Themes and Meanings
If the image of a “blackcurrant river” evokes a vagabond’s paradise, the development of the poem expands that image by coupling it with medieval, fairy-tale commonplaces and a little faintly ironic advice to the timid hiker. This pastoral thematic is, however, accompanied by hints of violence. The wind, for example, is not always a tame breeze, but sometimes a violent one. In the first stanza, the movement of the fir thickets is produced by several winds “plunging.” In the second stanza, the wind is set in contrast to the enclosed atmosphere of revolting mysteries, ancient campaigns, dungeon keeps, important parks, and dead passions. It is “salubrious,” healthy and unconfined.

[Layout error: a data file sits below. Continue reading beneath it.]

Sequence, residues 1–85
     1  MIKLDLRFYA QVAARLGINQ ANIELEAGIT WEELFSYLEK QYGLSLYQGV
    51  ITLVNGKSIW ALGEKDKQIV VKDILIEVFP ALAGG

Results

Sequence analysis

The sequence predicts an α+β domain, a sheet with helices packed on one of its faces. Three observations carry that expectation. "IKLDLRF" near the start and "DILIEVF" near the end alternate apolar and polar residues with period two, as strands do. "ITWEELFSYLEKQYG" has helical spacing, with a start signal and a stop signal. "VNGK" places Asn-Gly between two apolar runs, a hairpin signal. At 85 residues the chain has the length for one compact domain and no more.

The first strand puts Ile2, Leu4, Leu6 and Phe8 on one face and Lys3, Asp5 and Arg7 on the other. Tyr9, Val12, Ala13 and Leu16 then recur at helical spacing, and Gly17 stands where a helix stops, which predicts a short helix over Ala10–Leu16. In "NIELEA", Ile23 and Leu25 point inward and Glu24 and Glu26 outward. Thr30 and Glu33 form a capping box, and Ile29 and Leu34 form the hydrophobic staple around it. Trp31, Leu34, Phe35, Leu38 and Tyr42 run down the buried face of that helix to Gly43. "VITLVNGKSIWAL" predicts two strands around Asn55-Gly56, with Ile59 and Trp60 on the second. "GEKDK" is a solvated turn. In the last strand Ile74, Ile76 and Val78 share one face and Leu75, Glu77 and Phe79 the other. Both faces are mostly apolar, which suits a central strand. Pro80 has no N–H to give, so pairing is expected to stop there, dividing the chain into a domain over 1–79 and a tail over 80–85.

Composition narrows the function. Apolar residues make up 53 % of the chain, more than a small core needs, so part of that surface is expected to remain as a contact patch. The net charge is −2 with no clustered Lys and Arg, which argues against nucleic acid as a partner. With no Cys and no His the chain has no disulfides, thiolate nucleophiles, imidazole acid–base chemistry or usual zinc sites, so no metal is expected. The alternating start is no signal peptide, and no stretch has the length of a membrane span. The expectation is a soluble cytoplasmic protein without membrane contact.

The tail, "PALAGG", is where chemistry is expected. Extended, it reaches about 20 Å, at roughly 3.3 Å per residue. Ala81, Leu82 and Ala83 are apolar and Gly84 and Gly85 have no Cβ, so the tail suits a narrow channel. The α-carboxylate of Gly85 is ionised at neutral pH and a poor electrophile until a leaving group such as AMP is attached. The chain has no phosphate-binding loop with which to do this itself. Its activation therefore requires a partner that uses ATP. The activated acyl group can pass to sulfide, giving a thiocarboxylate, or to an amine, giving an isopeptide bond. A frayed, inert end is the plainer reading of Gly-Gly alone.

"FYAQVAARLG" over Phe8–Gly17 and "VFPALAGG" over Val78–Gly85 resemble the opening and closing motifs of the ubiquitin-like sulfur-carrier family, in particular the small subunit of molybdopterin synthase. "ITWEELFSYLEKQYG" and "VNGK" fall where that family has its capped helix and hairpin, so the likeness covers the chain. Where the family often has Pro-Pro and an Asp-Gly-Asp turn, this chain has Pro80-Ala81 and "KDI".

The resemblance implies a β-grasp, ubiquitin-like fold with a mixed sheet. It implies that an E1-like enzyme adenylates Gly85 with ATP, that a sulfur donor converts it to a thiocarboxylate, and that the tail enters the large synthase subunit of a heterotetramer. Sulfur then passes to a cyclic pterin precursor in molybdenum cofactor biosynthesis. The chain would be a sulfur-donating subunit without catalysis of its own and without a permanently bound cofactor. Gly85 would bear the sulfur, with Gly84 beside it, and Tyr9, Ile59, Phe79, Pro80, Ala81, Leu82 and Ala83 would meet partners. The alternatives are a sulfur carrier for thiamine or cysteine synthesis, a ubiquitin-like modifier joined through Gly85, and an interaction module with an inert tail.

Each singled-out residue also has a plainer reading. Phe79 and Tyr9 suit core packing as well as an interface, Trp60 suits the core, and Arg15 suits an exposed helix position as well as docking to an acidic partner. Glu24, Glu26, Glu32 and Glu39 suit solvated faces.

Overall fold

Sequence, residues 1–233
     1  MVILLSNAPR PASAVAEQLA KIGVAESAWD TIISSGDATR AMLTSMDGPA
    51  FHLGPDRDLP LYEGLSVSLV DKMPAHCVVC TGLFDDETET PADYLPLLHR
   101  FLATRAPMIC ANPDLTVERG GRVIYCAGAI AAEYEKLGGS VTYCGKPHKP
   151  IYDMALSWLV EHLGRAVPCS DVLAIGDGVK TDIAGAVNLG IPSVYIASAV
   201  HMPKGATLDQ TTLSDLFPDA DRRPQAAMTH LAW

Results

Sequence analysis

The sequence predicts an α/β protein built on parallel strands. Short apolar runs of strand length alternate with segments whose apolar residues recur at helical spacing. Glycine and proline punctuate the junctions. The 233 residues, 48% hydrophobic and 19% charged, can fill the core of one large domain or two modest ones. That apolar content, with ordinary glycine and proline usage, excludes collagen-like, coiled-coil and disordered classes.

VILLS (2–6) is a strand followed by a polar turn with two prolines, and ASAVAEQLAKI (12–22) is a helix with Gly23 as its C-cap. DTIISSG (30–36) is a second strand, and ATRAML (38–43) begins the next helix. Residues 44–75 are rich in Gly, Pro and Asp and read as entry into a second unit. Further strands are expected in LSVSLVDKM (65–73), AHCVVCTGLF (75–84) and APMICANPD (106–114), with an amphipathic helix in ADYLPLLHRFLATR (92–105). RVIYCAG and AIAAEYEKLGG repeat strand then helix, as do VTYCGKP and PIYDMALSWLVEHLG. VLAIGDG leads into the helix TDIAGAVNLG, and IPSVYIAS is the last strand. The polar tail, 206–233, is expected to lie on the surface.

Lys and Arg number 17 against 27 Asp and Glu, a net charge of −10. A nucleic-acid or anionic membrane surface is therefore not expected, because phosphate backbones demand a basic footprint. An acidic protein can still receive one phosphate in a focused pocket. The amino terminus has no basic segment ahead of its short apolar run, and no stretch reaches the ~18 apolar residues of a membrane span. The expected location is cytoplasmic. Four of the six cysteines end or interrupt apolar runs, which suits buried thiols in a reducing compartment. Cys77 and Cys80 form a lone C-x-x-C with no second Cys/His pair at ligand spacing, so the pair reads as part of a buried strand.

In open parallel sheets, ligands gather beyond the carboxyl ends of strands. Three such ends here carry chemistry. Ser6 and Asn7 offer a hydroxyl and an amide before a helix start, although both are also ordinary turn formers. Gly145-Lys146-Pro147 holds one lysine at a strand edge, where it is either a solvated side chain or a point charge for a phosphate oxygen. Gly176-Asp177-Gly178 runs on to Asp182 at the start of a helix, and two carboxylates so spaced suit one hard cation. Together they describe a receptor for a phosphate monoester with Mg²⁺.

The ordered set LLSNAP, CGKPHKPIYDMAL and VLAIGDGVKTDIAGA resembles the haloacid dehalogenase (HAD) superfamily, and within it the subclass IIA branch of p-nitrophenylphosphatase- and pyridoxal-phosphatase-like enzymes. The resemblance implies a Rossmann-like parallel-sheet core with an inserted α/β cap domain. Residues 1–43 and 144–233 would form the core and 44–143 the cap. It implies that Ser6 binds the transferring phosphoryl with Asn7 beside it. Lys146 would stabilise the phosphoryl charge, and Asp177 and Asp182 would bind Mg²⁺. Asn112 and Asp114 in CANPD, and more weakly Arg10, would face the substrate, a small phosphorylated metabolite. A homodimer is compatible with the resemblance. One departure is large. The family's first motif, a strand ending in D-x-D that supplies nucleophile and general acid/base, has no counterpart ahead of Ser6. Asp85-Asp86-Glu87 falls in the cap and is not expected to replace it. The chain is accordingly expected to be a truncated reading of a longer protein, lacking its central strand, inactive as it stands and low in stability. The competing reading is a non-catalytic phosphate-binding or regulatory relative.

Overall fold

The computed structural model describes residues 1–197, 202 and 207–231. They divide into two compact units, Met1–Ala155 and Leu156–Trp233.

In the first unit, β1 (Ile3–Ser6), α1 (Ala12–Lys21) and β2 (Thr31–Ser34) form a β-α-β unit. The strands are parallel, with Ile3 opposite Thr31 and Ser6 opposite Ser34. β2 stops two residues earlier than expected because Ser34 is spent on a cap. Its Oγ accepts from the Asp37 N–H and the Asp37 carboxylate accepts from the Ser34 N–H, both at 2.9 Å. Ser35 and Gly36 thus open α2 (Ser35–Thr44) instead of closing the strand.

Also important in “blackcurrant river” are the ravens or crows, harsh-voiced birds of ill omen, which frequently devour dead heroes in traditional ballads. Within a poem that stresses the theme of medieval romance, this link cannot be denied, yet the birds are addressed positively as the forest’s soldiers, sent by the Lord, “deardelicious.” Rimbaud’s poem “Les Corbeaux” (“The Ravens”), published in September of 1872, deals directly with crows as scavengers of the battlefields of the Franco-Prussian War. He uses the same positive language, calling the birds “deardelicious” and addressing them as “saints of the sky.” In both poems, the use of quasi-religious vocabulary is ironic. Nature’s imperative of decay and destruction is carried out by scavengers, and the carrion birds fill this role. They are addressed positively in...
(The entire section is 636 words.)